Poetry Out Loud
September 9, 2016
Notes from the Arts Education Director, Tom Tobias
The week of September 11-17, 2016 has been designated by Congressional resolution as Arts in Education Week. Ben Martin, Director of the Missouri Alliance for Arts Education has written an article about the state of arts education in Missouri for the arts advocacy publication Americans for the Arts. Ben makes a clearly written, strong case for maintaining and growing arts education as an essential component in the Missouri Department of Elementary and Secondary Education’s Top Ten by Twenty Initiative. Read on……………………………
September 7, 2016
To the Editor:
The week of September 11-17, 2016, has been designated by Congressional resolution as Arts in Education Week. For these seven days we will celebrate the powerful influence that Dance, Music, Theatre, and Visual Art can have on the lives of students and communities alike. And, the good news is, there is a lot to celebrate.
Across the state and nation schools are discovering that an effective, strong education is to be found in schools that have ‘regular’ classrooms infused with arts-related activities. Example after example, study after study is revealing how powerful the arts are as an educational tool. At the end of August, the Christian Science Monitor published a cover story about a Connecticut school entitled “The School that Art Saved.” The article details the strides that one elementary school has taken forward after moving to an arts-integrated learning model.
Within the Kansas City metropolitan area itself schools in Liberty, Hickman Mills, Belton and Kansas City are trying out new techniques in incorporating arts learning throughout the school day. Even leaders in the areas of Science, Technology, Engineering, and Math (STEM) have discovered that by adding the Arts they can move students full STEAM ahead. Raytown Schools have even incorporated an arts component in their daring new program to launch a satellite designed by students in the district. The Media Lab at Summit Technology Academy in the Lee’s Summit District has proved that by blending computer technology with music and video, they can graduate students career-ready in that field.
However, there is still a vital place for the traditional arts classroom where students focus on developing their artistic abilities. If nothing else study in the arts completes the ‘well-rounded’ education so necessary to create good human beings to live in our society. Artistic pursuits allow students to practice creativity, innovation, and perhaps, most important, perseverance in completing a task, and completing it well. While in other parts of the school a student may accept that 80% completion is mastery of a subject, it is in the arts that a student learns that only complete and total excellence is acceptable. Can you imagine a high school band which only hits 80% of their notes correctly or a play where the light board operator feels good about herself if 16 of 20 lighting cues happened on time? How about a painting where 80% was completed, but one-fifth was left almost blank? Nor can the student in the arts. They strive for perfection in those classes. Is it any wonder then that research reveals that students in the arts tend to perform better in their regular classes as well?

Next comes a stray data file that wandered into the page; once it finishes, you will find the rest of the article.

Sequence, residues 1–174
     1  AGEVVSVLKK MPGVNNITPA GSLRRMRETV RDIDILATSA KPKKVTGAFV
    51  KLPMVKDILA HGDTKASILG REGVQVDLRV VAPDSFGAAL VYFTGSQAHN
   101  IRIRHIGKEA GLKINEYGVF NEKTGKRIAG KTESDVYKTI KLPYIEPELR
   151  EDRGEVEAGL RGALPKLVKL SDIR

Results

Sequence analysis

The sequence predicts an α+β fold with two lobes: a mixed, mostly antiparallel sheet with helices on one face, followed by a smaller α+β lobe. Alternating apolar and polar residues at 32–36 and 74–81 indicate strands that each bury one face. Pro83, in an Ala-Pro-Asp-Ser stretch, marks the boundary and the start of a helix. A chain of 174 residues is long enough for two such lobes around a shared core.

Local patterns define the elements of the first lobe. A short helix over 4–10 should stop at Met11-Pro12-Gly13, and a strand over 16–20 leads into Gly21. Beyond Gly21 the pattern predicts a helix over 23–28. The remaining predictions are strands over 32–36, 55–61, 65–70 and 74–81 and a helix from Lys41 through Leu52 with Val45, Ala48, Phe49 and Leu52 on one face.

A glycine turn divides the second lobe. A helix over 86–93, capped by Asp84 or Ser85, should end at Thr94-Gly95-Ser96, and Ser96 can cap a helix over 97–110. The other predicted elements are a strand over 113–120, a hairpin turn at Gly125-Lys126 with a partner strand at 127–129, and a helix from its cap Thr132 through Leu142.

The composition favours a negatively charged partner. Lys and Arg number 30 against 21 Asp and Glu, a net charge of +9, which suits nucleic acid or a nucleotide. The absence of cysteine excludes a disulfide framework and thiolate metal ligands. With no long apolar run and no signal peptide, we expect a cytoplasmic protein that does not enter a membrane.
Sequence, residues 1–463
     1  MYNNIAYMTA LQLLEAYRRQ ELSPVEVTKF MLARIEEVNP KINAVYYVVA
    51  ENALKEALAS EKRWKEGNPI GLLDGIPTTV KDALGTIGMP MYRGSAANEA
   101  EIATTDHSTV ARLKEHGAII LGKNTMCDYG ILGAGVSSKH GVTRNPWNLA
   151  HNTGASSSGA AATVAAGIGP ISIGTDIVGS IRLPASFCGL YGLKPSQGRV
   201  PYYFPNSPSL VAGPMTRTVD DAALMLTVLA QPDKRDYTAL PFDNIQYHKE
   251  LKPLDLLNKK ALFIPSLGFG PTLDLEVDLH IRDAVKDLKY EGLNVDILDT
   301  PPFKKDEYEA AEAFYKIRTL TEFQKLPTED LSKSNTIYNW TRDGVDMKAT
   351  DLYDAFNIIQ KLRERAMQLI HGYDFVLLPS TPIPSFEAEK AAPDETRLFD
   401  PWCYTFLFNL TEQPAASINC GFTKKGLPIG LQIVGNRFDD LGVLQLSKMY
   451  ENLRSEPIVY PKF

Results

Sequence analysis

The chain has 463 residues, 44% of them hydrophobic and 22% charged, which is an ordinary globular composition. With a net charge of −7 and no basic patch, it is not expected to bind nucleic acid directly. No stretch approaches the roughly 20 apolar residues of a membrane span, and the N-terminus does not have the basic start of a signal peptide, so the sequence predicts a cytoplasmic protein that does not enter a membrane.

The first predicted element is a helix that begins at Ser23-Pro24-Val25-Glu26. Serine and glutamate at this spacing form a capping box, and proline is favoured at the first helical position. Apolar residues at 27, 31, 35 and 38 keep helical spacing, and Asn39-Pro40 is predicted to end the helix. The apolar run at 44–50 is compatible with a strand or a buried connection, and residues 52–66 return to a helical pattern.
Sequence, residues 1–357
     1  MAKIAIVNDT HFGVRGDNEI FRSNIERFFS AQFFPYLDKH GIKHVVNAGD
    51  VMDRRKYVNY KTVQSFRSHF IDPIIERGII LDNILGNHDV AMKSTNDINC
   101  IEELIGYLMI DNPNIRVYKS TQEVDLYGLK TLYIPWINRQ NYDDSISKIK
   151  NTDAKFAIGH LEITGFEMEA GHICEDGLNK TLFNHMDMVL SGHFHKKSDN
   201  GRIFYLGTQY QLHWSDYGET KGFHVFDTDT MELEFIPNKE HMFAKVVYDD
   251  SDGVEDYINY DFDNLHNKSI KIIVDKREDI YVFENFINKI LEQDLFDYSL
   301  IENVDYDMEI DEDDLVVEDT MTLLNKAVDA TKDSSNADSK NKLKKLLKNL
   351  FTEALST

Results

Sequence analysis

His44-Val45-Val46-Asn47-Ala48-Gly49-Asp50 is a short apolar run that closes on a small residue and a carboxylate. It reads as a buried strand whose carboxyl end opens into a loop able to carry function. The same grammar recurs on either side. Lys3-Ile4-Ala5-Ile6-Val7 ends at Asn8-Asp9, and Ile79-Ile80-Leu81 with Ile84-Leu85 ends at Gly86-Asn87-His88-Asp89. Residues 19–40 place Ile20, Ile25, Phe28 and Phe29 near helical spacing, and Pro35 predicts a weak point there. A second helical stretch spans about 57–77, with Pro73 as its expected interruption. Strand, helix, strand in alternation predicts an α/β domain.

So, join with students, parents and teachers around the nation in celebrating Arts in Education this week. If you happen to encounter one of those dedicated educators who is reaching his students through the Arts, say thank you. And if you also encounter an educational leader in your community, please remind her that you expect your schools to educate the whole child. All of us in arts education thank you for your ongoing support.
Ben Martin, Executive Director
Missouri Alliance for Arts Education
Tom Tobias | Arts Education Director | Office of College and Career Readiness
Phone: 573-751-9610 | Fax: 573-526-0812 | firstname.lastname@example.org